DUBAI: The International Monetary Fund has urged Pakistan to bring its current account deficit under control, an official said, as the country’s new government seeks an increase in the size and duration of the current IMF programme.
Pakistan’s current account deficit ballooned to $13.2 billion in the nine months of its fiscal year from a gap of $275 million a year earlier on the back of soaring oil import costs, official data showed.
Rating agency Moody’s expects the deficit to widen to 5-6% of gross domestic product in the current fiscal year ending June 30, up from its earlier 4% projection, putting greater pressure on Pakistan’s foreign reserves.
Jihad Azour, director of IMF’s Middle East and Central Asia Department, told Reuters the fund’s team will assess the policy priorities of the new government and the economic impact in the context of the war in Ukraine.
“But of course, we have been over the last few months highlighting the importance of maintaining the current account situation under control… reduce the current account deficit.”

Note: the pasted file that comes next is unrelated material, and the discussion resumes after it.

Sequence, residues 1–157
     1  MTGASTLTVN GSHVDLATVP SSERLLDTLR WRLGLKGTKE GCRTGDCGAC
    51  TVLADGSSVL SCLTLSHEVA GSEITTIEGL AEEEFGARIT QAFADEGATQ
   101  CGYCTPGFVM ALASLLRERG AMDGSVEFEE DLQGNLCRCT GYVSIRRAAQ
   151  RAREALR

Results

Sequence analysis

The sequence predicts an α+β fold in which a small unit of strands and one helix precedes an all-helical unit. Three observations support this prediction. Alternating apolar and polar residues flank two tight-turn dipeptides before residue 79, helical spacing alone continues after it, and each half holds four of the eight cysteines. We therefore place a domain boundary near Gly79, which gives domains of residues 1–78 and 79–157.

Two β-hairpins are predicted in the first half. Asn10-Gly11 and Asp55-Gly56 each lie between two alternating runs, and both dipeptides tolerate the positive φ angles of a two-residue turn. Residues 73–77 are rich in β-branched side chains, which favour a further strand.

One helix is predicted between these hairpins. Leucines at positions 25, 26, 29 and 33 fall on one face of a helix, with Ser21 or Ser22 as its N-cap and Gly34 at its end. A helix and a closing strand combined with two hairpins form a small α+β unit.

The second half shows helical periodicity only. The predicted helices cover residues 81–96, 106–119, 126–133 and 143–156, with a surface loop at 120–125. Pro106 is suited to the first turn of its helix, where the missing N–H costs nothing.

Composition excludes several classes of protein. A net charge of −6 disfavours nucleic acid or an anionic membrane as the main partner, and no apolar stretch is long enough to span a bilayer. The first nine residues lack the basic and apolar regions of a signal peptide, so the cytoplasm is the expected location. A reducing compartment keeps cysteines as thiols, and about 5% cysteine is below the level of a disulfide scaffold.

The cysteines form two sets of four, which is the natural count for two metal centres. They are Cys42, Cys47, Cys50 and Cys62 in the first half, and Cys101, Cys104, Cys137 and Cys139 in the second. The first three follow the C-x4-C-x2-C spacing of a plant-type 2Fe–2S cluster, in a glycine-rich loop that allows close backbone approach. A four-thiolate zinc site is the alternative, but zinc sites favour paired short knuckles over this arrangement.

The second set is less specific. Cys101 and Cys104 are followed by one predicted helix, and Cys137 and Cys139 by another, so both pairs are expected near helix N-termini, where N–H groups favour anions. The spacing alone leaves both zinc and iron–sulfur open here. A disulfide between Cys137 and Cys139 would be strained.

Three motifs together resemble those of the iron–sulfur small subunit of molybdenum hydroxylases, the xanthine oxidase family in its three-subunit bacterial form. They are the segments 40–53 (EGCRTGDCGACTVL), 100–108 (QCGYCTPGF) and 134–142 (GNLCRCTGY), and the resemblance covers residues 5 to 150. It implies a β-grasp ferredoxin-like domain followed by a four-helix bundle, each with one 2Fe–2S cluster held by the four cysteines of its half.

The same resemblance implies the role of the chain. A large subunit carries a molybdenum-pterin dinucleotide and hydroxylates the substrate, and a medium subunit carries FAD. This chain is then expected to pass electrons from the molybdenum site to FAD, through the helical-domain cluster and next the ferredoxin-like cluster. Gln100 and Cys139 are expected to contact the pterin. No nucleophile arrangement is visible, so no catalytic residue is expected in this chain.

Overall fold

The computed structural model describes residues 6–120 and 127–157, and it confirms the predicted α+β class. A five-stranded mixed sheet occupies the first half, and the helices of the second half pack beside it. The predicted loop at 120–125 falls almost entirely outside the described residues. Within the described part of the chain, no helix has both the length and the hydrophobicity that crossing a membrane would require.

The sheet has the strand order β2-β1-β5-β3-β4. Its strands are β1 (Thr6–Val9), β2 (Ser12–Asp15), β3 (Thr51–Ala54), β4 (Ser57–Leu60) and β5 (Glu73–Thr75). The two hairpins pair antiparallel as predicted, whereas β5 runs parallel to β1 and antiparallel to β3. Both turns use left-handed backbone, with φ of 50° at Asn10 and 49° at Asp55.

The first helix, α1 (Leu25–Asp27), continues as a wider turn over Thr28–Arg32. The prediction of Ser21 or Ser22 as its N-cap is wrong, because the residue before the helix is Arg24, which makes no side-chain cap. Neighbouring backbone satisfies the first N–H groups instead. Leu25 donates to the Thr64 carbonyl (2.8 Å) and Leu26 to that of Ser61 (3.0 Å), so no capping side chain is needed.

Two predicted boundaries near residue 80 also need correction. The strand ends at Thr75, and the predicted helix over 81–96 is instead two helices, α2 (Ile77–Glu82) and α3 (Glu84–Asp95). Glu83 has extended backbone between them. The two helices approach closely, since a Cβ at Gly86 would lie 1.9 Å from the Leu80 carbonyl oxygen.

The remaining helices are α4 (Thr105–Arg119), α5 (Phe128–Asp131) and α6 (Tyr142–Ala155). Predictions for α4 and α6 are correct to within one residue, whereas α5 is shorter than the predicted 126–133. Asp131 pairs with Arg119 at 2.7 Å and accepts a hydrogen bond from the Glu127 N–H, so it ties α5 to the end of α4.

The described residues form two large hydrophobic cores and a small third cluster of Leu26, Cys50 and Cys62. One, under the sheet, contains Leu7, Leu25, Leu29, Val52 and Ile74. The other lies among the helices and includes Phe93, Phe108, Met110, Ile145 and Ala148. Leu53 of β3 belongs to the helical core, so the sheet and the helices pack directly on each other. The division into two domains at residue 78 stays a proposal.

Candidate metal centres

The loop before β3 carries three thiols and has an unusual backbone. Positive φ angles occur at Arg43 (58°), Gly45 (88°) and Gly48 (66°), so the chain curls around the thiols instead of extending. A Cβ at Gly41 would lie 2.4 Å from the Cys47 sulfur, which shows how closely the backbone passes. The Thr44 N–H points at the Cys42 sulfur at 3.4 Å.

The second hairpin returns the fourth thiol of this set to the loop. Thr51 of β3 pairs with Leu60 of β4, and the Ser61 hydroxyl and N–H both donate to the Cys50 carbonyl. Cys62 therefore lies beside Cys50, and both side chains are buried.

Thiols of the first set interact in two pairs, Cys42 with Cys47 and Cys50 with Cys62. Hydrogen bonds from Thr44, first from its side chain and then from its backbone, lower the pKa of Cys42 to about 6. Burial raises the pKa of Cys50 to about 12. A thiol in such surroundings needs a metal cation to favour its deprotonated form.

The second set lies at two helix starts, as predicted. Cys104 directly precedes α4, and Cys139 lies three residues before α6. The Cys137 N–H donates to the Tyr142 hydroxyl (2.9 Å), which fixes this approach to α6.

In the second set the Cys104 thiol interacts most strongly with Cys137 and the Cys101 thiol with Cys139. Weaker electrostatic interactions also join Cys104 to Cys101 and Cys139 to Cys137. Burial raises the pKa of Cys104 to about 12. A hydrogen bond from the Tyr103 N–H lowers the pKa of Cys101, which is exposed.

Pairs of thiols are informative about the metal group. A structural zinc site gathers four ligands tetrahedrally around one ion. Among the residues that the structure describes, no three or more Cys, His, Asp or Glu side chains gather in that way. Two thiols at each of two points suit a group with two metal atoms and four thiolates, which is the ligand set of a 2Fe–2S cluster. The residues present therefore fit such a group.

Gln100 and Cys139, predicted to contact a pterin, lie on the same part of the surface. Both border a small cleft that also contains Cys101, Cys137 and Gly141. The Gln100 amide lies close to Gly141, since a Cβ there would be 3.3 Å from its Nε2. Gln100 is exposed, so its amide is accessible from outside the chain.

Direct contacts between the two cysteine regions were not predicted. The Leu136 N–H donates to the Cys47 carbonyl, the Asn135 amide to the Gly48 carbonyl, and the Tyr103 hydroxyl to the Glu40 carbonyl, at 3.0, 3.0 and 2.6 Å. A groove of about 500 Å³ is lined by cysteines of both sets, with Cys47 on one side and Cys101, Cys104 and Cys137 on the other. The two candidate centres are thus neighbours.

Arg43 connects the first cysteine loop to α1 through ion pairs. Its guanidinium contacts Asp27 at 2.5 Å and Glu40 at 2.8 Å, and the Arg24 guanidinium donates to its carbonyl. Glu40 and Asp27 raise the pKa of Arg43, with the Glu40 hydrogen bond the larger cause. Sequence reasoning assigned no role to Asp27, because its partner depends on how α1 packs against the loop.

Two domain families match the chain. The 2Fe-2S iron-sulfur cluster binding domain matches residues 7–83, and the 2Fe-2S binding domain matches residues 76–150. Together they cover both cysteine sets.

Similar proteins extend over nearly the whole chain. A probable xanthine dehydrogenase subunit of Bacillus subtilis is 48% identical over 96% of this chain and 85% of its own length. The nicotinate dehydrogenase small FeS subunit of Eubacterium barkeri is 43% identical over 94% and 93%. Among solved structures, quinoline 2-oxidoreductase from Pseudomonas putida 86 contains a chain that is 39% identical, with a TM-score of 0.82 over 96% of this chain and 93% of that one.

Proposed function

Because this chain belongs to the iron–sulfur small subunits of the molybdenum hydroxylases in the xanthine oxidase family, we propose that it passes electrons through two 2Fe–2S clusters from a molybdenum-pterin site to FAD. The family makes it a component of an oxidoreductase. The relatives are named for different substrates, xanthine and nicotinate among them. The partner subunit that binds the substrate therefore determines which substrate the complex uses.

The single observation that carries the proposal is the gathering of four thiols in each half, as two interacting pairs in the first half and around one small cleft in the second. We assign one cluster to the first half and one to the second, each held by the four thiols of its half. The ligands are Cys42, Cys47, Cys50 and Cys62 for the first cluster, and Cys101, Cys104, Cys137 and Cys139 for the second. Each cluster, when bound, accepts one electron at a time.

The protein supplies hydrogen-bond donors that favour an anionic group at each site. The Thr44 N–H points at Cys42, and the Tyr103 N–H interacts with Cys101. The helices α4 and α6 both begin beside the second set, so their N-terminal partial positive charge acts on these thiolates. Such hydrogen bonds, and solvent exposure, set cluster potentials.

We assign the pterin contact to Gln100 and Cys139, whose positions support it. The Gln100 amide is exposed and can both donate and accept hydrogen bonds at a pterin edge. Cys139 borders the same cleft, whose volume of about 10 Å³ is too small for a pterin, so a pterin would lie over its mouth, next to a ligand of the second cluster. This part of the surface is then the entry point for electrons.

He did not elaborate on the policy actions, but the IMF has said earlier a continued commitment to a market-determined exchange rate and a prudent macroeconomic policy mix will help reduce the deficit.
A new Pakistani government that took over this month from ousted Prime Minister Imran Khan faces enormous economic challenges, predicting the fiscal deficit will exceed 10% of GDP at the end of the current financial year.
Finance Minister Miftah Ismail said on Monday Pakistan has sought an increase in the size and duration of its $6 billion IMF programme.
When asked whether Pakistan will need to take certain steps first, such as cutting oil and gas subsidies, Azour said these will be discussed during the visit. “We’ll discuss these issues and therefore I will not preempt those discussions,” he said.